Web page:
It’s the worst nightmare of any TV fan. Your favourite programme gets the axe – in your opinion, in its prime – so you’re forced to resort to the internet in the hope of bringing it back from the brink. In the age of social media, crowdsourcing and online petitions, such campaigns have real power to resurrect popular series – Ripper Street and Veronica Mars are just two success stories. But there are fan bases out there yet to see the fruits of their labour – so we decided it was time to recognise them, and give you the chance to vote for your favourite…
The Hour (starring Dominic West, Romola Garai, Ben Whishaw, Anna Chancellor, Peter Capaldi, Tim Pigott-Smith)
Ran from: 2011-2012 on BBC2
Set among the staff of a new current affairs show launched by the BBC in the 1950s, Golden Globe and Bafta-nominated The Hour earned itself a dedicated following thanks, in part, to its star-studded cast. But Bel, Freddie and Hector saw the axe fall in February 2013 thanks to low ratings, and despite a fan petition attracting 25,000 signatures – and rumours of a one-off special to tie-up loose ends – BBC2 have held their nerve.
The Paradise (starring Joanna Vanderham, Sarah Lancashire, Emun Elliot, Matthew McNulty, Elaine Cassidy)
Ran from: 2012-2013 on BBC1
Shopping was the theme of BBC1’s period drama – but The Paradise had the misfortune of going head-to-head with ITV’s Mr Selfridge, a battle they duly lost, failing to secure a third series. Fans immediately took up arms, with petitions and social media campaigns, but – a year on – there’s still no sign of Denise and Moray waltzing back onto screens anytime soon.
Utopia (starring Neil Maskell, Alexandra Roach, Fiona O’Shaughnessey, Adeel Akhtar, Nathan Stewart-Jarrett)
Ran from: 2013-2014 on Channel 4
Utopia’s cancellation was a huge blow to fans when it was first announced back in October. The cult favourite was critically-acclaimed, adored by viewers and went on to win an International Emmy for best drama, but poor ratings meant Channel 4 still brought down the axe to allow room for new drama. Fans of the thriller – which follows a group of people hunted by shady organisation The Network – can find solace in a new US remake, with Gone Girl author Gillian Flynn writing and David Fincher directing (nothing to sniff at…), but there’s still plenty of appetite for series three or the two-hour special writer Dennis Kelly tried pitching to Channel 4.
Monroe (starring James Nesbitt, Sarah Parish, Tom Riley, Neil Pearson)
Ran from: 2011-2012 on ITV
The combination of James Nesbitt and Sarah Parish wasn’t enough to save medical drama Monroe. The ITV series – written by Pete Bowker (Marvellous) – was squeezed out by ratings juggernaut New Tricks, and despite positive reviews, was brought to an abrupt end in November 2012. Despite initial upset among its five million viewers, the push for a third series has died down, although Parish recently told RadioTimes.com she’d return to the series “in a heartbeat”.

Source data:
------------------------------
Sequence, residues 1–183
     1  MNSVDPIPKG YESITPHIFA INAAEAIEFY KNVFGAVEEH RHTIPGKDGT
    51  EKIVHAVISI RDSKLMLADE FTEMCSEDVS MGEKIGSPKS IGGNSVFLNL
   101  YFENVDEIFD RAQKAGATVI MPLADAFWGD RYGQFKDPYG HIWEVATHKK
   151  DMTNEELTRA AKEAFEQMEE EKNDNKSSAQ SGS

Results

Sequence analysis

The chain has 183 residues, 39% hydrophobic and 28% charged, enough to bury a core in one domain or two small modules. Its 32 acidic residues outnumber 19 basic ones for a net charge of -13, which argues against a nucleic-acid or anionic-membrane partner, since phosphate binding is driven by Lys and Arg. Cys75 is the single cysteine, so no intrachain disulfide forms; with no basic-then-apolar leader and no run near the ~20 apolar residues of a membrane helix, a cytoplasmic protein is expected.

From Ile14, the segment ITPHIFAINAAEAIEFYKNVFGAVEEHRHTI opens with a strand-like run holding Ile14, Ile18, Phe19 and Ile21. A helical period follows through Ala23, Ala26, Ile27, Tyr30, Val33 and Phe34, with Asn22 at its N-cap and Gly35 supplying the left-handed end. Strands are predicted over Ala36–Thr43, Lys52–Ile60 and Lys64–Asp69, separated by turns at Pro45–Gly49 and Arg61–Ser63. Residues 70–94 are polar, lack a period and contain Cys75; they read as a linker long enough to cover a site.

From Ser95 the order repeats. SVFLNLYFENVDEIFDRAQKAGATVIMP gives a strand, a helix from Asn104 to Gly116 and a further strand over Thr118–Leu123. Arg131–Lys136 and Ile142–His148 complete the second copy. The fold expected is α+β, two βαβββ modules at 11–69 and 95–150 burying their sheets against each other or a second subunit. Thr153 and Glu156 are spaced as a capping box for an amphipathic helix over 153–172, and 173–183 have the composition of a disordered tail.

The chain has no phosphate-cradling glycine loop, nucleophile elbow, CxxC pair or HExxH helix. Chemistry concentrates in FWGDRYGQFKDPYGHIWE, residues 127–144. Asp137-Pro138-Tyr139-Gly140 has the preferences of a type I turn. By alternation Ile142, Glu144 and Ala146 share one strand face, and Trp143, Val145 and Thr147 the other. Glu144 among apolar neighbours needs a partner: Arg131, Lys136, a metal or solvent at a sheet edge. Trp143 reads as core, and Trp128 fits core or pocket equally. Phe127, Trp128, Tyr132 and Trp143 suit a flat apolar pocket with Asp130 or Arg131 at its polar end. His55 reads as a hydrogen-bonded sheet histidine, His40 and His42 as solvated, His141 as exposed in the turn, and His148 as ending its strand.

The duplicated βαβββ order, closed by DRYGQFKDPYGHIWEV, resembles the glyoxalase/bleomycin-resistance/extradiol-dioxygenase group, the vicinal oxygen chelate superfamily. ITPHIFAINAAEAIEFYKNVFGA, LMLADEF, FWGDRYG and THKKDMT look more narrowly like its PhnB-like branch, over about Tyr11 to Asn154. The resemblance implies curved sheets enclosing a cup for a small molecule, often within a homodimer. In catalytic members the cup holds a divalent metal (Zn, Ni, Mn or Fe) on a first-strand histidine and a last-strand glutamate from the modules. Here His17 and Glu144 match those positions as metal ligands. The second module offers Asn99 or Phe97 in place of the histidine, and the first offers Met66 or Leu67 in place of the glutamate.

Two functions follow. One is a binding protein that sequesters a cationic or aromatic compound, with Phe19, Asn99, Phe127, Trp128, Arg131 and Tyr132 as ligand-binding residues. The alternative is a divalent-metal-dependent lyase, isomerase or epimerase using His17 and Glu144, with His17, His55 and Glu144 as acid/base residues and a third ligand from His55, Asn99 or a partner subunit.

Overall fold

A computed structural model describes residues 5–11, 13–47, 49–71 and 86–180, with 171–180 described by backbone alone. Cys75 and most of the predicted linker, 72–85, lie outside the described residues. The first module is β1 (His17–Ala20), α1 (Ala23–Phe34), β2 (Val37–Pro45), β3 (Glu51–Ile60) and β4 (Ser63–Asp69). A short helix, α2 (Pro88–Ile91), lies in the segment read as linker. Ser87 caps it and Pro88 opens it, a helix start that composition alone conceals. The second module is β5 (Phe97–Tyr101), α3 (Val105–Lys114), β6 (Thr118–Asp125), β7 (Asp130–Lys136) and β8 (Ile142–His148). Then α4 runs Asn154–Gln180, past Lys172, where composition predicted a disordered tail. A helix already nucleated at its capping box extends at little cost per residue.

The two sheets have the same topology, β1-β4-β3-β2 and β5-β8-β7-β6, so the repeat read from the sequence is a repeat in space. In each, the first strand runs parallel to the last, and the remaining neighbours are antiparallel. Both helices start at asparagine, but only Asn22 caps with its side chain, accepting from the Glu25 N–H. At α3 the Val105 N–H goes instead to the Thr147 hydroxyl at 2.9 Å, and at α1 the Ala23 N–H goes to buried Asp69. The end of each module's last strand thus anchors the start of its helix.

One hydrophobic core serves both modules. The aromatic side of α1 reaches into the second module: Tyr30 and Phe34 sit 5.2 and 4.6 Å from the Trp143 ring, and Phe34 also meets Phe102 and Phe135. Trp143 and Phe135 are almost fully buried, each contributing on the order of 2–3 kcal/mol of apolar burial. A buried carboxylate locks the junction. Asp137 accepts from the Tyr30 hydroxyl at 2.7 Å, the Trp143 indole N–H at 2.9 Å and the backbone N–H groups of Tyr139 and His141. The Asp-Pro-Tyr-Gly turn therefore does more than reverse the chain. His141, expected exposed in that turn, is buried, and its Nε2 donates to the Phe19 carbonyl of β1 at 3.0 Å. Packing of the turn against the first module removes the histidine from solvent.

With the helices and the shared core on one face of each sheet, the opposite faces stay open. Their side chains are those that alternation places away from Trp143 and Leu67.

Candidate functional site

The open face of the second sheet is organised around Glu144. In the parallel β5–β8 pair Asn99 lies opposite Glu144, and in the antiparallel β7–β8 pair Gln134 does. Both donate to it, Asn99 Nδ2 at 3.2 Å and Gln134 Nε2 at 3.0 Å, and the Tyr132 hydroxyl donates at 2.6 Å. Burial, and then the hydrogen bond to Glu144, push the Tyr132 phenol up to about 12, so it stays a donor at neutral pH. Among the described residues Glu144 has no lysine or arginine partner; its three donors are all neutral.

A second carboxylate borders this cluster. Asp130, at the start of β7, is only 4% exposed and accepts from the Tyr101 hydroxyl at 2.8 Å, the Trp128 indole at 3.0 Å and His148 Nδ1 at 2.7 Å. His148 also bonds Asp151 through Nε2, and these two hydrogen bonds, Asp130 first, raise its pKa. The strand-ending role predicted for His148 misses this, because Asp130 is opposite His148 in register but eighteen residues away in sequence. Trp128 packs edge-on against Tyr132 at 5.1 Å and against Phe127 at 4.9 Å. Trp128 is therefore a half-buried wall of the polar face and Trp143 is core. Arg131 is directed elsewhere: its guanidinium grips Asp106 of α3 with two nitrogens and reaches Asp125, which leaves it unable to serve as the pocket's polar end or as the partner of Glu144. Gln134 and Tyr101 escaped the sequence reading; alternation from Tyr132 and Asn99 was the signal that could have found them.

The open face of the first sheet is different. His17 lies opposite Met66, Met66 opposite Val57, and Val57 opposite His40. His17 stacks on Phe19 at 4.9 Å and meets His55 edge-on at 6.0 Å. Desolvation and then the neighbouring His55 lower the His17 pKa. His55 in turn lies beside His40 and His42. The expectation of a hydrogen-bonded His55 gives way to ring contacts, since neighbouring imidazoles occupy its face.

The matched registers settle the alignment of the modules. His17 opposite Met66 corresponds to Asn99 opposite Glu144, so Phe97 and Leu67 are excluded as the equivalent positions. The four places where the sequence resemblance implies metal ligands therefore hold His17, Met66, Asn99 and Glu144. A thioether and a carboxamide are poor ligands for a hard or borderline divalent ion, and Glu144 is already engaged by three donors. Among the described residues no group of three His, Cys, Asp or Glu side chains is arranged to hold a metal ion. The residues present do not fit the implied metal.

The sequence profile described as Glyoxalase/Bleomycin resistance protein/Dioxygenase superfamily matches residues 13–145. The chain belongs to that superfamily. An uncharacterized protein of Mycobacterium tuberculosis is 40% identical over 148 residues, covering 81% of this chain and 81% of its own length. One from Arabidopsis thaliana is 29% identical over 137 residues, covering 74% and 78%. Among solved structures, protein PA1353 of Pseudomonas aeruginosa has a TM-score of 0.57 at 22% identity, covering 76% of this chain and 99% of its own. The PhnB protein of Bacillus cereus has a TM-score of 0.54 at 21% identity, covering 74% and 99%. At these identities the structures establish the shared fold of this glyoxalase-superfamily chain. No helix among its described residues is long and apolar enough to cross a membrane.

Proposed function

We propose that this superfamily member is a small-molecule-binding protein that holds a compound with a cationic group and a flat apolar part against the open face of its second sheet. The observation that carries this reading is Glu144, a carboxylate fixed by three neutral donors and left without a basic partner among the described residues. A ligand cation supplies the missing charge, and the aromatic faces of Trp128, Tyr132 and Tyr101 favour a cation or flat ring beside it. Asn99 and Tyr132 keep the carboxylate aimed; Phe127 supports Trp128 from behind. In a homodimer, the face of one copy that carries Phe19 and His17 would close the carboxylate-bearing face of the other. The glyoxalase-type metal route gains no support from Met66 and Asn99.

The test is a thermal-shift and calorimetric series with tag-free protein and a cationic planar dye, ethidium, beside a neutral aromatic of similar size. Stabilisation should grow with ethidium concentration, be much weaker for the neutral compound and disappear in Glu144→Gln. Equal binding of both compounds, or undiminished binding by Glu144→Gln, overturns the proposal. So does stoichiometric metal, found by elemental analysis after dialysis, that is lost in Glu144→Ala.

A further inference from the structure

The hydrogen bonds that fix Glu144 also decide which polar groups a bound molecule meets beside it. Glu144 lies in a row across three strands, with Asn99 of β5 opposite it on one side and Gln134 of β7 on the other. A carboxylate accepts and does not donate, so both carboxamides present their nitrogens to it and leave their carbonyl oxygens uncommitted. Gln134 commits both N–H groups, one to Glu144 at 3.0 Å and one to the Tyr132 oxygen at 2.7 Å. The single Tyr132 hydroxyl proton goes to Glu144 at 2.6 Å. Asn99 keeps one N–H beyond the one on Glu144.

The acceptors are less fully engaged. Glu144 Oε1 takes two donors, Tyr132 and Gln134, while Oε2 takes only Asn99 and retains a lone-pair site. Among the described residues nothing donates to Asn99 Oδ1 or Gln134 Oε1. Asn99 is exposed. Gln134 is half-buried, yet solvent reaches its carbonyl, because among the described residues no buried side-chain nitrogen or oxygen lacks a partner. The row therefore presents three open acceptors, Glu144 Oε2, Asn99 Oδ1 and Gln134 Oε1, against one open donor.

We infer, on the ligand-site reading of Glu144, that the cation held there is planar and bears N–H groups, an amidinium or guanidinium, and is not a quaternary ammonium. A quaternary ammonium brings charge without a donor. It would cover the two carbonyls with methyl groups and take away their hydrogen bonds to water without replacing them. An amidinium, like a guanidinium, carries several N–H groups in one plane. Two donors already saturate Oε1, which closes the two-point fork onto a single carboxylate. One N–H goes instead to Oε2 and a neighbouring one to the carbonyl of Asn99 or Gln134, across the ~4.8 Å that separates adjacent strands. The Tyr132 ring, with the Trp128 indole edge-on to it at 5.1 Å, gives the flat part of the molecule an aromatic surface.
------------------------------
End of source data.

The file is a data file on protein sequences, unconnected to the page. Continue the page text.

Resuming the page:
The Crimson Field (starring Suranne Jones, Hermione Norris, Oona Chaplin, Kevin Doyle)
Ran from: 2014
When BBC1 first launched the World War I drama set in a field hospital behind the Western Front, there were plans to revisit it annually for each year of the conflict. But those were soon put on ice as the series debuted to mediocre reviews, failing to pull in the viewers to justify a hefty budget and purpose-built set. Nevertheless, Crimson counts on the support of an ardent batch of fans who’ve put in the hours campaigning for a second outing. Perhaps Amazon is listening?
The Fades (starring Iain De Caestecker, Natalie Dormer, Joe Dempsie, Tom Ellis)
Ran from: 2011
A Bafta Award for best drama may be the ultimate stamp of approval, but that didn’t stop this supernatural gem becoming collateral following BBC3 budget cuts. Starring Iain de Caestecker and Natalie Dormer, the series followed teenager Paul who saw spirits of the dead, known as The Fades. Then-controller Zai Bennett called time on the acclaimed show after just one series, a decision that led to outcry among critics and fans – but with the future of BBC3 itself now in doubt, hopes for The Fades are slim.
Yet another victim of BBC3’s budget cutting, Doctor Who Confidential served as a companion to the revived sci-fi series from 2005, before seeing its 45-minute slot cut to five-minute featurettes. Whovians reacted in their masses, setting up online campaigns and voting Confidential their favourite BBC3 show ever in a RadioTimes.com poll. As of 2014, the show exists as Doctor Who Extra, ten-minute packages shown on iPlayer and the red button following each series eight episode, but – despite plenty of support – is yet to return to its former guise.
Dallas (starring Larry Hagman, Patrick Duffy, Linda Gray, Josh Henderson, Jesse Metcalfe, Jordana Brewster)
Ran from: 2012-2014
Fans of Dallas have had a rollercoaster ride over the years, with a revival of the 1978-1991 soap opera commissioned in 2012, uniting original cast members Patrick Duffy, Linda Gray and Larry Hagman with a new generation of the Ewing family. The show ran for three seasons before US network TNT pulled the plug back in October sparking fan protests and a petition with 86,000 signatures. Duffy himself helped push for a reprieve, but despite early talk of negotiations, chances of a fourth series are now looking slim.